I’m liveblogging from the Tuesday technical keynote. Steve Herrod is explaining the VMware product portfolio. He’s concentrating on data and applications instead of devices, VM’s and other technical stuff on the back-end. With the slogan ‘simplify, manage, connect’, he’s now focssing on the second phase in VMware’s strategy: desktop. He breaks it down into services; desktop, app, data services with a unified service broker to connect users from any device.

With the help of View, desktops are broken down and simplified. With ThinApp, the apps are extracted and published. With ThinApp Factory, the process of extracting apps from Windows is automated, so publishing the apps in a catalog is hugely simplified. ThinApp Factory and Horizon are integrated for a full blown user experience.

Project Octopus is a Dropbox-like data service. It’s an enterprise oriented cloud file sharing service with features like policies, public/private cloud integration and more.

There’s a demo showing about the user’s perspective of using View, ThinApp, Horizon and Octopus. It’s showing a user’s first experience, including the Mobile Virtualization Platform. It’s ver cool that MVP is included in the keynote for the first time, it’s been lingering for years… The ‘work’ phone VM is called ‘the magical phone’. That’s just how many users might experience this MVP feature..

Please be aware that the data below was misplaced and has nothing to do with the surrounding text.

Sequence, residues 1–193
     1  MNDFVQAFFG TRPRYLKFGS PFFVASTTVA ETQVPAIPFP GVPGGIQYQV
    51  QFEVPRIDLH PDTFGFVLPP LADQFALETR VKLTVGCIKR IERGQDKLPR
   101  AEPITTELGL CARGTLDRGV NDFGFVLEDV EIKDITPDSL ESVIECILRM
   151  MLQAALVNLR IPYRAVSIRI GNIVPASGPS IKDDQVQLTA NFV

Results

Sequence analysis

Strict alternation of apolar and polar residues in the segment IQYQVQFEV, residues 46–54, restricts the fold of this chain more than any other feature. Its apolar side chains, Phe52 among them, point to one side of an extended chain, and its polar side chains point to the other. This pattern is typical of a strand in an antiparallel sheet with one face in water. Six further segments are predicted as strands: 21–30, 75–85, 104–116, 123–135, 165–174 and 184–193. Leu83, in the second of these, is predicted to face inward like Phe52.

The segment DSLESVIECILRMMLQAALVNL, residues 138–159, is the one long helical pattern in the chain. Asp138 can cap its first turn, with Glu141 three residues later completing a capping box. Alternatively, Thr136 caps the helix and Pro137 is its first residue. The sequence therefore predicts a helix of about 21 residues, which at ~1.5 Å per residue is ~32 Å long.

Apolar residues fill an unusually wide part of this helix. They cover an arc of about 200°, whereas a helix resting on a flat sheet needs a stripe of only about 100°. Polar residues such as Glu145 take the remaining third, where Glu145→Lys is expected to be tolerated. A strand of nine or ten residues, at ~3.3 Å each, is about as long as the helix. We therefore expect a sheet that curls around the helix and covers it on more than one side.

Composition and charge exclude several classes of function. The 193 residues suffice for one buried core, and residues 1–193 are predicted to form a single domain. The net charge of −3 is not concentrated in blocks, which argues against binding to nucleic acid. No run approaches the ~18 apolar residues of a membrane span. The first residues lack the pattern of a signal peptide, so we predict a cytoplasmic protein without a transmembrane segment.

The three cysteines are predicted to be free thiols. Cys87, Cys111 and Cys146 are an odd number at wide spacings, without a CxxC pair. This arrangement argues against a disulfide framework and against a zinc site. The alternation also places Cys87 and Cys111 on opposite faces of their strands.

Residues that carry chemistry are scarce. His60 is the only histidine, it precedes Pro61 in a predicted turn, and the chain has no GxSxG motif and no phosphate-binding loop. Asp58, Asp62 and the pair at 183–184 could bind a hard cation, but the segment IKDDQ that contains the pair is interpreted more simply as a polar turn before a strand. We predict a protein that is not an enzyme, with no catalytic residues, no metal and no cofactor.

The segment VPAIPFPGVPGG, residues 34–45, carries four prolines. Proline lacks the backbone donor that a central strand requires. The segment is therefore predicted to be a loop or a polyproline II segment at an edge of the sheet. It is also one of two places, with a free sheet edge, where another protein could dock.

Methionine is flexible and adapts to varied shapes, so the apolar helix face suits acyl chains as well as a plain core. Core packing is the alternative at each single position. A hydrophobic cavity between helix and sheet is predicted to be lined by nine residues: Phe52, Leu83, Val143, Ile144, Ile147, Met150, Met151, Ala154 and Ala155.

With the help of Horizon Mobile, the apps that were installed on the desktop are pushed to the mobile work phone. With partnerships with both LG and Samsung, the MVP will really take off in the upcoming months. I cannot wait to get my hands on this!

Now Octopus is showcased on the iPad. For the first time, VMware AppBlast is showed to the public. How sweet! Very subtle, VMware is showing AutoCad from within a View desktop.

Now shifting to the back-end infrastructure supporting all of this awesomeness, with a little siderack to the vSphere Cient for the iPad, now with vMotion support. Literally just swipe a VM to the destination host :)

After highlighting a couple of ‘firsts’ accomplished by vSphere 5′ Steve is talking about accessible innovation with VMware Go, the vSphere Storage Appliance. Bruce is doing a demo on these two products. First, a Windows host is provisioned with ESXi with the help of VMware Go. Both products are targeted towards the smaller shops. For the larger shops, there’s AutoDeploy to provision a group of hosts with ESXi in a repeatable, compliant manner.

Now shifting to some of the features of vSphere: storage pooling, VM placing on storage pools and tiers, storage DRS, storage and networking I/O Control. Next up of IP Adress Management, and specifically the problem with IP-addresses: besides being a unique identifier, it’s bound to a location. With VXLAN, VM IP-addresses can roam amongst different physical locations. Basically, it’s MAC over IP over UDP. With VXLAN, one of the biggest challenges with Site Recovery Manager has been resolved. How cool!

Last subject for this technical sessions is management, subdivided in three sections: monitor, correlate, remediate. In a sneak peak, VMware is disclosing it’s strategy on their manaement solutions. With vServices, applications inside VM’s are discovered automatically ang agentless and shown in the vSphere client. Also, dependencies between apps and VM’s are disovered and monitored.